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PARTS DON'T ADD UP TO WHOLE CHAIN SAW

Q I TOOK MY CHAIN SAW to a hardware store to repair the choke and carburetor. After about two and a half weeks, just before I was about to call to see if it had been repaired yet, I received a postcard estimating it would cost me about $124 to overhaul the saw. I didn't ask for an estimate, but decided not to have them do the work.

When I went to pick it up, they handed it back to me taken apart and in a box. They said they would have to charge me $15 if I wanted them to reassemble it. I agreed to let them do that, but after a few days the work still hadn't been done so I picked up the pieces and took them home to try and assemble them myself, but all the parts weren't there. I finally gave the saw to my son to see if he could find someone to fix it. Meanwhile, I called the store to tell them that all the parts weren't there and they just hung up on me. I don't know what to do now.

--W.C., E. Amherst

"A "OUR STORE POLICY," says the owner, "is to give an estimate for approval by the customer before we make a repair that is above normal.

"In this case, as in any other case, if the customer decides not to repair the unit, we do not charge for the tear-down of the unit or the estimate we make for the cost of repair -- as a goodwill gesture.

"Even though we pay our mechanics to do all this, we do not charge the customer. However, to reassemble a piece of equipment that needs repair is totally ridiculous. Extra time is wasted because whoever repairs the unit later must take it apart anyway.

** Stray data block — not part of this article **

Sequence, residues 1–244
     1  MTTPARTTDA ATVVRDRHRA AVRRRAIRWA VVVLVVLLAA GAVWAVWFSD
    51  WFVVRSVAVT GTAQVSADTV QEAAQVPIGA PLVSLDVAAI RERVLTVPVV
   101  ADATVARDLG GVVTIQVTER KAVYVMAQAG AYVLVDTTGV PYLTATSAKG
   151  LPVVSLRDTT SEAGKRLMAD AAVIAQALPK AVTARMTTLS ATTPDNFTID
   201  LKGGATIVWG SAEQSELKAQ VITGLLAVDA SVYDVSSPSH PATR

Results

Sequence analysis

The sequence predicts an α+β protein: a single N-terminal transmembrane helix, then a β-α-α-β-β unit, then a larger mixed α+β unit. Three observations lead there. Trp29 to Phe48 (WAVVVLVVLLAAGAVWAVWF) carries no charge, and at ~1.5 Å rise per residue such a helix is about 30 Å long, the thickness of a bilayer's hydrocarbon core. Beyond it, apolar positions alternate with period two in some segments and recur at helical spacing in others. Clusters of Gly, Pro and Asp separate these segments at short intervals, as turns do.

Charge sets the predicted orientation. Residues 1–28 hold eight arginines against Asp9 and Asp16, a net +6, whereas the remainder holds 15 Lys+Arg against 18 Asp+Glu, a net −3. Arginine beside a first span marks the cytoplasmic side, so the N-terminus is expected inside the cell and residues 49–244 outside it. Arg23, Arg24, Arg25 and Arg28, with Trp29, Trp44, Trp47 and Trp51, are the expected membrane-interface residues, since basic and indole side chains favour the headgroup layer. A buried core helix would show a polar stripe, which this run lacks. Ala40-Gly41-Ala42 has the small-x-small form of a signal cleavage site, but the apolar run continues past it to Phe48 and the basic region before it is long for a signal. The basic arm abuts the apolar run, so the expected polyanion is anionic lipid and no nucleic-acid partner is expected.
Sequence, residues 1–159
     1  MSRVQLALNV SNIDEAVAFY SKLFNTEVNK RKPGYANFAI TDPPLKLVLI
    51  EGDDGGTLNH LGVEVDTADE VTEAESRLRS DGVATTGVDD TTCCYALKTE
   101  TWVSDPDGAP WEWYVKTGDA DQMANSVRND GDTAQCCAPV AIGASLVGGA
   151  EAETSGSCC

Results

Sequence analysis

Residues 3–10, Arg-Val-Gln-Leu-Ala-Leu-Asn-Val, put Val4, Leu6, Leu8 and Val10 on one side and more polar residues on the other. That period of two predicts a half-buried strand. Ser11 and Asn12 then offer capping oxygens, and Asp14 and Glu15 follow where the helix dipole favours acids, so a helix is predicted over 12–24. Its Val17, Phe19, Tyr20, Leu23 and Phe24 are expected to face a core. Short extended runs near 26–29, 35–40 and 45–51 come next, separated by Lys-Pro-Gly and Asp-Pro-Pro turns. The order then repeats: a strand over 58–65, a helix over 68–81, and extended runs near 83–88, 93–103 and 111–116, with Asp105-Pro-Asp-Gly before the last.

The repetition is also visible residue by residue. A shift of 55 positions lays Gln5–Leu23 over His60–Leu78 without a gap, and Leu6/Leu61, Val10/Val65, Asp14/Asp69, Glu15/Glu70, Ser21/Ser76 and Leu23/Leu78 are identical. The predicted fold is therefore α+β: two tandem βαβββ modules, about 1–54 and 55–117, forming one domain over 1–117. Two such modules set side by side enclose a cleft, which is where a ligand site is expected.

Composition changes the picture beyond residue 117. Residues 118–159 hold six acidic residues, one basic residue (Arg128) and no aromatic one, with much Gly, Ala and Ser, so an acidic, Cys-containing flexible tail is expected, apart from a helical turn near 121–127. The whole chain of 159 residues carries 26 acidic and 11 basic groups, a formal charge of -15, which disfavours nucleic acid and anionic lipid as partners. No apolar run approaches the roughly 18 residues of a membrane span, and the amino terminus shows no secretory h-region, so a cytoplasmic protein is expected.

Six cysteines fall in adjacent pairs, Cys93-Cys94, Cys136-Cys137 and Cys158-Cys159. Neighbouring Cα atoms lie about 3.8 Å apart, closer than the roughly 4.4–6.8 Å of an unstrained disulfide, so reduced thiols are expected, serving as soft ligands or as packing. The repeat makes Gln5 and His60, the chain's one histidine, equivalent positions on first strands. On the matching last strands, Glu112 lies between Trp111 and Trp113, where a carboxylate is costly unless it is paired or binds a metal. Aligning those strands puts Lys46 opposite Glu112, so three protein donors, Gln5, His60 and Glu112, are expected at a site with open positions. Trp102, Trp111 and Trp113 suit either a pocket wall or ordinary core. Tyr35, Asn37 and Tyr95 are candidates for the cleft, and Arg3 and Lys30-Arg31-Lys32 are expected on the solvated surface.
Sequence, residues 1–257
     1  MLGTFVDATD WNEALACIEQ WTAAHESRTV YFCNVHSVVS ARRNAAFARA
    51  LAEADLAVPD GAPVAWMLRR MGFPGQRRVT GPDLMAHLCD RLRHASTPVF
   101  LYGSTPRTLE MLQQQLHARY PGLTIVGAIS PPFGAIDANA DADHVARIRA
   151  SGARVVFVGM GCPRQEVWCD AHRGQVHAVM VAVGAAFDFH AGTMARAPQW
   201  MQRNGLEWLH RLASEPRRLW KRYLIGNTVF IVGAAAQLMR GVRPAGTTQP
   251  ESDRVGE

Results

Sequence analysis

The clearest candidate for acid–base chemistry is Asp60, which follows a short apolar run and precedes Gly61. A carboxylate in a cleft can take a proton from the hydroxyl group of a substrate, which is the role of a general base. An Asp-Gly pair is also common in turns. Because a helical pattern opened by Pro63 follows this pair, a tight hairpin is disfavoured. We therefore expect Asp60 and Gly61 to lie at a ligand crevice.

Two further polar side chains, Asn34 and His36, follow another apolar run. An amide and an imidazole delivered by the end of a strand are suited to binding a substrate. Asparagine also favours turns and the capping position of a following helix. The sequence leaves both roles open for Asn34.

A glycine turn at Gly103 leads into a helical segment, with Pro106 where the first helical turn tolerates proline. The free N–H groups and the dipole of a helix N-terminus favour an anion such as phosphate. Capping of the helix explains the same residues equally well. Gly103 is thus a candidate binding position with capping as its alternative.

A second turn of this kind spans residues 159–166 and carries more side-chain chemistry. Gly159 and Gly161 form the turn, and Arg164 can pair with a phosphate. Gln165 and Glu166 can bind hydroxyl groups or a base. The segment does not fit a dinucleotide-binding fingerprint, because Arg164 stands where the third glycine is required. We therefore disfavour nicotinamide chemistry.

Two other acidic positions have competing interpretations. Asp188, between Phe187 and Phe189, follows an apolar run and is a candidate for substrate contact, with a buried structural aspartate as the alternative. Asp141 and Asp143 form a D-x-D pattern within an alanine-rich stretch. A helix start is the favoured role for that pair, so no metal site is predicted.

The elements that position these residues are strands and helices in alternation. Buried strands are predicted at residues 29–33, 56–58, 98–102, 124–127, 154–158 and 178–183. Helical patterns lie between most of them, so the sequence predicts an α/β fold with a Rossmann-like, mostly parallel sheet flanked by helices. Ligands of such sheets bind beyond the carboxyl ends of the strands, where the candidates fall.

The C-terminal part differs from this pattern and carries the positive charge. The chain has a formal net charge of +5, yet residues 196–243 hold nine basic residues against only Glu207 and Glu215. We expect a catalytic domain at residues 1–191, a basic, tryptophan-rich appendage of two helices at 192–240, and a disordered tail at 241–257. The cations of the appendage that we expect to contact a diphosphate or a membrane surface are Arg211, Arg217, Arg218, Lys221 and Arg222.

"We have no reason to keep his old parts. We have four full-time mechanics, have been in business for many years and have an excellent reputation in the service business.

"We spent the time to tear his saw down; the time to look up parts, costs and to figure an estimate. We did all of the above, including writing this explanation, at absolutely no cost to this customer. He has no complaint with us."

The only complaint you might have with the store is if they have not clearly posted their service and repair policy -- in particular their $15 fee for reassembling a unit they have taken apart if the customer chooses not to have it repaired there. If that policy is not made clear to the consumer, it might lead some to believe that they are intimidating the consumer to have them make the repairs at their estimated cost rather than carry home a box full of funny-looking parts.

Absent that disclosure to the consumer and your claim that you never asked for an estimate, you might find reason to take the store to Small Claims Court -- if not for the cost of repair -- then certainly for the cost to have your saw reassembled. Keep in mind here that, even if you succeed, you will end up with a reassembled but unrepaired chain saw. If you feel uncomfortable with them doing the repairs, you might have your son take the parts to another location and ask for an estimate of costs for completing the repairs. If their estimate approximates the $124 estimate you've already received and you still don't want to pay that sum, you might as well trash the saw and buy a new one.

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